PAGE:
Native Excavating will be performing the median work, not Duckles . Please adjust your article.

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Scott Franz 7 months, 2 weeks ago

Sorry about that, Charlie. It has been changed online and will be correct in print tomorrow. Thanks for catching my error.

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jerry carlton 7 months, 2 weeks ago

Forget the aspen trees and native shrubs. No water lines to run and colored, stamped concrete would look just fine. Also when a stoned driver hits an aspen tree, there would be no lawsuit and no aspen tree to replace.

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John Fielding 7 months, 2 weeks ago

Sorry Jerry, stamped concrete is not native to the Yampa Valley. Maybe river cobble?

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John Fielding 7 months, 2 weeks ago

There is a law on the books that stipulates what types of plants are permitted in the gateway areas of town, private property or public. Only native species are included. I asked at the ordinance hearing whether the Scandinavian aspen could be used. I prefer it as it has a much longer foliage season than the local variety. I got a look like the question was stupid or something, an answer of probably OK, don't really know. It is a different species, has a reddish cast to the fall leaves, but most people probably wouldn't notice. But technically, it is not native, therefore forbidden.

The design concept presented was to only have plants that could have grown there when the land was still undeveloped, to heighten the impression of the town having just recently been hewn from the wilderness.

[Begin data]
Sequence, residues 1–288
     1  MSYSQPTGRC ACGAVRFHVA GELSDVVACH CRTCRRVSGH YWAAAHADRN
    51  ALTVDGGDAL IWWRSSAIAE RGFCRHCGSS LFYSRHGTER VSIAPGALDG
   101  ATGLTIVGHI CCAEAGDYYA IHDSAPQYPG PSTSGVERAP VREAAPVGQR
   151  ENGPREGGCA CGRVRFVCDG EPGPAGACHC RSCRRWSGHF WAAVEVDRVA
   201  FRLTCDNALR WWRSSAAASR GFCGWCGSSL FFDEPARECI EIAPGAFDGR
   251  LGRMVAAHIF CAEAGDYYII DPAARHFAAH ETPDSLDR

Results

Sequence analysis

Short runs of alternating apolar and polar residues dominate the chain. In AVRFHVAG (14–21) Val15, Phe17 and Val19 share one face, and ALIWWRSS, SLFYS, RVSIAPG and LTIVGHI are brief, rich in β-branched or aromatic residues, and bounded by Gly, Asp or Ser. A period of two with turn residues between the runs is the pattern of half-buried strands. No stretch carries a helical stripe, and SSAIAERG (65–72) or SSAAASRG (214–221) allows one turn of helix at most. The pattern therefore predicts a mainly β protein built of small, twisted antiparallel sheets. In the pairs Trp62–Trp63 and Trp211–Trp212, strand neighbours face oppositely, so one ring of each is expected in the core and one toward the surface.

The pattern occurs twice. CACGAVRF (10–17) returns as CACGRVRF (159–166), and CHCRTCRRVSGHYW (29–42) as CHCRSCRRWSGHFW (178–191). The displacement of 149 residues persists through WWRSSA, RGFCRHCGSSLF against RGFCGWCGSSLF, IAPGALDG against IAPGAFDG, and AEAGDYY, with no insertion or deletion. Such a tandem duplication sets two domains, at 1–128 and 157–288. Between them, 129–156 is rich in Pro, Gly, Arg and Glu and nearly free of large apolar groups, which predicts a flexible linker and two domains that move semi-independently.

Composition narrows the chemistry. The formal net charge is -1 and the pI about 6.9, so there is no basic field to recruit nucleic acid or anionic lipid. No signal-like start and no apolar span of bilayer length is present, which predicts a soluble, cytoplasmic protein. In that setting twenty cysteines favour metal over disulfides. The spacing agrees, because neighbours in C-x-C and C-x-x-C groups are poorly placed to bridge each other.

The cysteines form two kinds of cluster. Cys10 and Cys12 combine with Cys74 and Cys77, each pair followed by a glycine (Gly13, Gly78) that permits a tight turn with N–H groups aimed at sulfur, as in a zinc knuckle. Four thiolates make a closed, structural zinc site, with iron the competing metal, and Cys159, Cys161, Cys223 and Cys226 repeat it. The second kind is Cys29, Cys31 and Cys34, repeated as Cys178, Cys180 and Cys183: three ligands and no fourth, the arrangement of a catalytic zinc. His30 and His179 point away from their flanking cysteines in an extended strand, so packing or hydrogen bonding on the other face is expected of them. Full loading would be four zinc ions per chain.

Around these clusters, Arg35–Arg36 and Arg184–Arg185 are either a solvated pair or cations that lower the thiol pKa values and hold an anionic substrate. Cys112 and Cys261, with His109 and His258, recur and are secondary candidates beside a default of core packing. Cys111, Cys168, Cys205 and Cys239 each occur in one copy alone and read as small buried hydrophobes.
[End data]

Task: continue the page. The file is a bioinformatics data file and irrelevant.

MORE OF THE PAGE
It's likely only enforced on new plantings, I have not heard of anyone being ordered to correct their landscaping, but the enforcement actions of the planning and community development department are not publicized. I hope Sunshine auto won't be told to replace their tall brilliantly colored cultivated lupines with the pale and dwarfish native cultivar. But don't try planting any flowering pear or Canadian red cherry, you could face a stiff fine or jail time.,

Of course it will look nice to have the plantings, I do not oppose them per se. But of course cost is always a concern, both initial and maintenance. I'll be interested to see the budget line item that covered the installation.

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Scott Wedel 7 months, 2 weeks ago

We live in a world where it is comparatively easy to spend over $500,000 on landscaping a median that will cost tens of thousands of dollars to maintain.

Priorities are exactly backwards. It is certainly reasonable to suggest the taxpayers would do far more economic development if this money had not been taken by government. It is also plausible to suggest that sort of money could provide a lot of help in childcare assistance for lower income working families and help them stay in the workforce and advance to better jobs.

The one place where is will have the lease economic benefit is to landscape a median so that the pampered elite don't see dirt or gravel when driving on hwy 40 through Steamboat.

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mark hartless 7 months, 2 weeks ago

Scott W. is, of course, exactly right.

Seldom do the alternatives seem to be weighed when finding new (or traditional) ways to waste taxpayer's hard-earned money.